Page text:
In Madigan’s case, prosecutors have noted that the 666 statute is charged in only five of the 23 counts of the racketeering indictment.

In addition to the Solis board appointment, the statute is used to charge an alleged scheme to steer a ComEd board seat to Democratic political operative Juan Ochoa, payments ComEd made to former 13th Ward Ald. Frank Olivo, former 23rd Ward Ald. Michael Zalewski and others, and an alleged push by Madigan to win law business from the developers of a parcel in Chinatown.

In their objection to delaying the trial, prosecutors said they were willing to forgo any argument to the jury that the benefits provided to Madigan “were gratuities, that is, merely rewards for past actions Madigan had already committed to take.”


U.S. District Judge John Robert Blakey sided with Madigan’s team, however, saying “it’s better to do it right than to do it twice.”

Madigan, 81, is charged in a racketeering indictment alleging he participated in an array of bribery and extortion schemes from 2011 to 2019 aimed at using the power of his public office for personal and political gain.

Also charged was Madigan’s longtime confidant Michael McClain, 76, a former state legislator and lobbyist who was convicted in the ComEd Four trial last year of orchestrating an alleged scheme by the utility giant to secretly steer hundreds of thousands of dollars to Madigan-backed operatives.

Madigan and McClain have each pleaded not guilty in their case, which is set to begin on Oct. 8.

Meanwhile, Chicago’s legal community will watch in earnest how the Snyder case unfolds before the Supreme Court.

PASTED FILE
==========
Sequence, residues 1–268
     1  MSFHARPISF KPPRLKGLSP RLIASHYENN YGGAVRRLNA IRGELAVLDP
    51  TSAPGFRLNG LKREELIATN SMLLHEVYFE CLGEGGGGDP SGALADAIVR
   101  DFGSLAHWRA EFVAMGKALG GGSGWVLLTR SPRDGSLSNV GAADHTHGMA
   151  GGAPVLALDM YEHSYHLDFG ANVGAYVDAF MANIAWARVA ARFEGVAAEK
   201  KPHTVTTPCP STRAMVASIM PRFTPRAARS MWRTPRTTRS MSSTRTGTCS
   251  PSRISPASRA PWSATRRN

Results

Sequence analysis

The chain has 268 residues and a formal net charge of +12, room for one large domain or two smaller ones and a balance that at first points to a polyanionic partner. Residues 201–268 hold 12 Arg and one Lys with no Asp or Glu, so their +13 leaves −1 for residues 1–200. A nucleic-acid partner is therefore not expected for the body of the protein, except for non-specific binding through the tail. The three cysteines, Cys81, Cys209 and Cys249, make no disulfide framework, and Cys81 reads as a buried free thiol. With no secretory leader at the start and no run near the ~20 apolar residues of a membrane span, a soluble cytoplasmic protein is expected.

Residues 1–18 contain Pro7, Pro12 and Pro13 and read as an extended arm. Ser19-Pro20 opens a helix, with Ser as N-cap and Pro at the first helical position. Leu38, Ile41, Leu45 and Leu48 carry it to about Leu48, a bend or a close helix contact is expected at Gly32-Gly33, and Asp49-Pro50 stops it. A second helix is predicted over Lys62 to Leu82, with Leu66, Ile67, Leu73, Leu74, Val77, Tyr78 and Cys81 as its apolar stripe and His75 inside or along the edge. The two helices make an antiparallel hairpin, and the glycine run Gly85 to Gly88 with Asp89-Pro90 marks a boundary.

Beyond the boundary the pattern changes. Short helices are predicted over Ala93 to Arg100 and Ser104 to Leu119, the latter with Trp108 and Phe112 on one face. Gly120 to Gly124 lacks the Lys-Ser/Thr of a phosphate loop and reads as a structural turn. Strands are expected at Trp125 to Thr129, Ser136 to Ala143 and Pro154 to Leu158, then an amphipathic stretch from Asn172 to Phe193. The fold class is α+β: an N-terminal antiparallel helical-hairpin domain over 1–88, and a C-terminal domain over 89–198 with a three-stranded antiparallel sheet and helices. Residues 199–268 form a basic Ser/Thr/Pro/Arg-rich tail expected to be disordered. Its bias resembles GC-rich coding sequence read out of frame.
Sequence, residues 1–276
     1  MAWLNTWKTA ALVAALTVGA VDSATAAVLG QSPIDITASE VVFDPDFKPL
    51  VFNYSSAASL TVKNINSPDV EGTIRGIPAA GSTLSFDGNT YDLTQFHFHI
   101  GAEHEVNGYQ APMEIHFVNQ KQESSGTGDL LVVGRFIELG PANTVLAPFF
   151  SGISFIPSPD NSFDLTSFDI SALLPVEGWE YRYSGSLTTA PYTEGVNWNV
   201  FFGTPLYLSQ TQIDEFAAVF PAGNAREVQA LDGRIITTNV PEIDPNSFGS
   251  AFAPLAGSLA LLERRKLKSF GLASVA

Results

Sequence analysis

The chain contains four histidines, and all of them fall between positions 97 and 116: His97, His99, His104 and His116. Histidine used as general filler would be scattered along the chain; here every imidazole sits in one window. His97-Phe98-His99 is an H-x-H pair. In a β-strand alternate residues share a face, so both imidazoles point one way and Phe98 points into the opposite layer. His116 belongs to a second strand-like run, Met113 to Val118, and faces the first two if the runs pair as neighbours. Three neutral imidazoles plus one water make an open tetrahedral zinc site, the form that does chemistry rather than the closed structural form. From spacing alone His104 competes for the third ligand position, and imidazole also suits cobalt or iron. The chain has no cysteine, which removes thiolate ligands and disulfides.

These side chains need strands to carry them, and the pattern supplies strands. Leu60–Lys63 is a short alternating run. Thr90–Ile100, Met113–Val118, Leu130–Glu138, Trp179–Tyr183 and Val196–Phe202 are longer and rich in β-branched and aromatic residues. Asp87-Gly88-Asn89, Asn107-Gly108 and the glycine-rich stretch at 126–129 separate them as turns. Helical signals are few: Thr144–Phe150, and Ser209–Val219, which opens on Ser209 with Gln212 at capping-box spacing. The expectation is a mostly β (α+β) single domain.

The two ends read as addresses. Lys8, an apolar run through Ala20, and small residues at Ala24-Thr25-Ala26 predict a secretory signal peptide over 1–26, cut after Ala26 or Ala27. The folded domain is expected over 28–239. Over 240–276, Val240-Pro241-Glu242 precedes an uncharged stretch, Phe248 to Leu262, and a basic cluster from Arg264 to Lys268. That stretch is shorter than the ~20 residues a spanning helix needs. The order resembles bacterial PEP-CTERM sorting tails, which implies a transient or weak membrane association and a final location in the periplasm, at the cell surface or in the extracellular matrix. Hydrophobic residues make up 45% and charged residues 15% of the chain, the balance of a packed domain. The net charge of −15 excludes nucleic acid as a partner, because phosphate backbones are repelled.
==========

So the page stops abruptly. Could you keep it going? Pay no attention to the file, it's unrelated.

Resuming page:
In their latest filing on April 2, Snyder’s attorneys continued to make the case that the line between “benign” gifts and illegal rewards is murky at best.

“But what about tickets to a high-school football game? A college basketball game? The (Taylor Swift) Eras Tour? Where a gratuity crosses the line from ‘benign’ to ‘immoral’ or ‘gives rise to deceitful behavior’ is anyone’s guess,” the filing stated.

Evidence at Snyder’s trial showed that shortly after he helped steer contracts for city garbage trucks to a local firm, Great Lakes Peterbilt, a cash-strapped Snyder showed up at the business asking for a $15,000 loan.

The firm’s president eventually agreed to pay Snyder $13,000, supposedly for contract work involving information technology and human resources consulting, work that Snyder was not qualified to do and never performed.

Snyder’s attorneys argued in their briefs that prosecutors have used the 666 statute to “suspend a Sword of Damocles over millions of citizens’ heads” by repackaging “everyday gift-giving” as a federal crime.

In response, lawyers for the prosecution accused Snyder of offering “a hypothetical parade of horribles” without citing a single case where prosecutors had charged such innocuous conduct in the 40-year history of the 666 statute.

“(Snyder’s) focus on hypotheticals overlooks the very real harm that gratuities inflict, and that Congress chose to legislate against,” their brief stated. “Contrary to petitioner’s repeated suggestion, gratuities are not simply a ‘lesser-included offense’ of bribery, which includes conduct that would not be a gratuity. Instead, gratuities are a different type of pernicious graft.”

However the Supreme Court lands, the decision is expected to finally resolve an entrenched, 5-2 split among U.S. circuits on the issue.

Jackie Bennett Jr., who represented Snyder against the bribery charges in Indiana federal court, told the Tribune in January that he was “not surprised” that the Supreme Court agreed to take the case.

“In 20 states and Puerto Rico, the law is one thing. In eight states, they adopted the position we argued in Mr. Snyder’s case. It’s an irreconcilable difference,” Bennett said. “What Snyder did in Portage should not be regarded as a crime.”


©2024 Chicago Tribune. Visit at chicagotribune.com. Distributed by Tribune Content Agency, LLC.


blog comments powered by Disqus